Here’s a video from SicEm365 which shows an example of OSU utilizing this coverage against Texas earlier this season.


As you can see, as opposed to the middle linebacker, OSU is actually using an additional defensive back[COLOR=var(--color-text)] to fill this role. In the game against TCU, the Cowboys added another wrinkle by lining up in a pre-snap look that showed blitz.[/COLOR]


This look can be extremely confusing for a quarterback to read prior to the snap. The Pokes could be blitzing, they could be playing man, and it’s difficult to tell what the safety in the middle of the field is going to do.

After the snap, you can see that the Kolby Harvell-Peel, the middle of the field safety, is in the “Robber” role and Brock Martin, the middle-of-the-field linebacker, is playing a shallow zone. Playing Tampa 2 with the extra DB as opposed to the MLB is beneficial because the DB is able to get a better look at the entire field pre-snap, and can take a better angle on the ball as compared to a linebacker moving backward into the deep middle third.

It’s also an advantage having a guy like Harvell-Peel at this safety spot because of his ability to break downhill on routes like this.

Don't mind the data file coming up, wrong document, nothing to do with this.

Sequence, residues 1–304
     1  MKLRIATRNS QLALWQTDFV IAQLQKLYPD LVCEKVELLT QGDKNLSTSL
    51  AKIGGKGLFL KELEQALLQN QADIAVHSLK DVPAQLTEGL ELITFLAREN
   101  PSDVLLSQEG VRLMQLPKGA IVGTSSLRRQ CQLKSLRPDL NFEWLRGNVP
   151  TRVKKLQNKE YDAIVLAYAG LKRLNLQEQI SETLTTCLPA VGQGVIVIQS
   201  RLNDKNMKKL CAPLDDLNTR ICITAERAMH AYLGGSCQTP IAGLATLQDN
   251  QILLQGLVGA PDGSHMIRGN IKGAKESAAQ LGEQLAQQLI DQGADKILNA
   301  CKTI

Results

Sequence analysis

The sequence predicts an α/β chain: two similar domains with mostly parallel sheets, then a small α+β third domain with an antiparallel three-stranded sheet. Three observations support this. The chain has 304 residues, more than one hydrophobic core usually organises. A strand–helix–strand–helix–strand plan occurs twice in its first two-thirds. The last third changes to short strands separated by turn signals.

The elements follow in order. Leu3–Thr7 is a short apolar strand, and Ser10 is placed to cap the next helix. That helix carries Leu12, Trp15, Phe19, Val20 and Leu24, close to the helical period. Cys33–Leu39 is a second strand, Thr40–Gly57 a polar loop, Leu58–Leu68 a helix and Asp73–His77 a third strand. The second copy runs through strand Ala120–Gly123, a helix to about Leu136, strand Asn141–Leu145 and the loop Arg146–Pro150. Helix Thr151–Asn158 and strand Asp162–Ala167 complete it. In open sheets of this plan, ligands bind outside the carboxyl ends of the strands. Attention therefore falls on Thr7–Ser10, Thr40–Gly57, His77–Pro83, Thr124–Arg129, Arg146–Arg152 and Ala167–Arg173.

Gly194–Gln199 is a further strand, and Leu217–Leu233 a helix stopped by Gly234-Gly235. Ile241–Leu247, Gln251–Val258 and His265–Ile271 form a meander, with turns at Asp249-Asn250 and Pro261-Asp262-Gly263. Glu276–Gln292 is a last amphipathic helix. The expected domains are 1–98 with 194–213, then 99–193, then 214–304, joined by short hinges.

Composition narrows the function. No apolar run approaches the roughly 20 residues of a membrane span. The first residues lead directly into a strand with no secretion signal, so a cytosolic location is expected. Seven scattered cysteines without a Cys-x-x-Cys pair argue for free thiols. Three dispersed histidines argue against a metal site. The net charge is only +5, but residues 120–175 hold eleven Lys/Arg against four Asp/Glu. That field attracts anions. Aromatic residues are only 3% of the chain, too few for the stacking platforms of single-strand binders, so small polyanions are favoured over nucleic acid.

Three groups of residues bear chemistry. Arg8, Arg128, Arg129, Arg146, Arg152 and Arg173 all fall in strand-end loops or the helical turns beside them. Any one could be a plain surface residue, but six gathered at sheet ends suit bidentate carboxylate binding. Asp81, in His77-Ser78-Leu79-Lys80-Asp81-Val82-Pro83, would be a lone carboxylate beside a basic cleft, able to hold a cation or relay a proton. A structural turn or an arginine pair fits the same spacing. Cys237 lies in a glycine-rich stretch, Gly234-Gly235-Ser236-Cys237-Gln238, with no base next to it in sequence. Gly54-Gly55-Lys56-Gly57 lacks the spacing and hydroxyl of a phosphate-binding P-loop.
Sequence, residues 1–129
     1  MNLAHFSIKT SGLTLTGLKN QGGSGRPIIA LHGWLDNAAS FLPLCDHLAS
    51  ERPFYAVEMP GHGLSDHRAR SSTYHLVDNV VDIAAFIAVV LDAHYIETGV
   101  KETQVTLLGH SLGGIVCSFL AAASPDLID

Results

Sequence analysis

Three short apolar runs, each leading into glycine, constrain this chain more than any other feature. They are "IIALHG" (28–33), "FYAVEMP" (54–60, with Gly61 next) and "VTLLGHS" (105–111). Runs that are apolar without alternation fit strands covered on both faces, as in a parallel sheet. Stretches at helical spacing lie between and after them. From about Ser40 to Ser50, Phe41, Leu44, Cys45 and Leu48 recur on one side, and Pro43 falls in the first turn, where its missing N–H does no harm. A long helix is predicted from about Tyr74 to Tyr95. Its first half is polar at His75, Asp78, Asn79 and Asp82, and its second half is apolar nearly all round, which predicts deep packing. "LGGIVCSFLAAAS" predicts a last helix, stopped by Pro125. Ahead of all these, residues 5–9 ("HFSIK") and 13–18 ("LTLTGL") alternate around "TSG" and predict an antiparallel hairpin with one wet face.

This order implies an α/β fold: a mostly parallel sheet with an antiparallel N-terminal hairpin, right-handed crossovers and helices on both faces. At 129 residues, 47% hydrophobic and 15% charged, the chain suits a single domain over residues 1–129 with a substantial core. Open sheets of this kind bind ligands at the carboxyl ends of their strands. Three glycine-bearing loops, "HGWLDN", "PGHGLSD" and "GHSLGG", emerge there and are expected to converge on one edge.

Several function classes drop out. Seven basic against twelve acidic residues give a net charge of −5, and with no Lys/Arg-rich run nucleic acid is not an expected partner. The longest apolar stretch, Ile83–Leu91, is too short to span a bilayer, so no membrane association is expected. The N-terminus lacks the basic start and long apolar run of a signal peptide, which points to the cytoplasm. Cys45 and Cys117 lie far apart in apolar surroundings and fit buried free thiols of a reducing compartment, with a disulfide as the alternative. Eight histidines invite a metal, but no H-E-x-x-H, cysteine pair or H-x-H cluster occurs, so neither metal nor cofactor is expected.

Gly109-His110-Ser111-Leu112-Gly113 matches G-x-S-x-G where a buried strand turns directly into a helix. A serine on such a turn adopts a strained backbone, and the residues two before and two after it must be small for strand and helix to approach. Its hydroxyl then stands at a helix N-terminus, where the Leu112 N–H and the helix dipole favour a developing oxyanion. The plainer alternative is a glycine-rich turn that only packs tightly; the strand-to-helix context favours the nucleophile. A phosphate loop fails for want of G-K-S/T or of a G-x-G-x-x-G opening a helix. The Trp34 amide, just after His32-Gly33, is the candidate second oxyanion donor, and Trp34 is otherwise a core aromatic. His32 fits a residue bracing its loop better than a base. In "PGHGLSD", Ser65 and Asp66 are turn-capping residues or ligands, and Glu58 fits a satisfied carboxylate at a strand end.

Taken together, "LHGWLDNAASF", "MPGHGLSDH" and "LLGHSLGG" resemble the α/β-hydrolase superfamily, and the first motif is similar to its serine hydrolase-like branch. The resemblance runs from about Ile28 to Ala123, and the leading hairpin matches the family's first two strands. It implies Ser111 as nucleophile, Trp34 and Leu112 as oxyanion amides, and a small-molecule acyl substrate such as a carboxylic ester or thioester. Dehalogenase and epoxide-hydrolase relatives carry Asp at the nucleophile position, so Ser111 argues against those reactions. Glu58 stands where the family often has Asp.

Trace Ford – Utility Man


The “Leo” role in Knowles’ defense is a defensive end/linebacker position, which former Cowboy Jordan Brailford played to near perfection. This year, true freshman Trace Ford has been tasked with this job, and has fared pretty well himself. Against TCU, Knowles was moving Ford all over the place, and had him not only rushing the quarterback, but dropping into coverage. They also used him as “Spy” on TCU QB Max Duggan.

I wrote about the different ways Knowles likes to line up the Leo defender earlier this year, and it’s one of my favorite things to watch about this OSU defense[COLOR=var(--color-text)]. They had him standing up in between the defensive linemen, as you can see below.[/COLOR]



As well as with a wide split off the edge.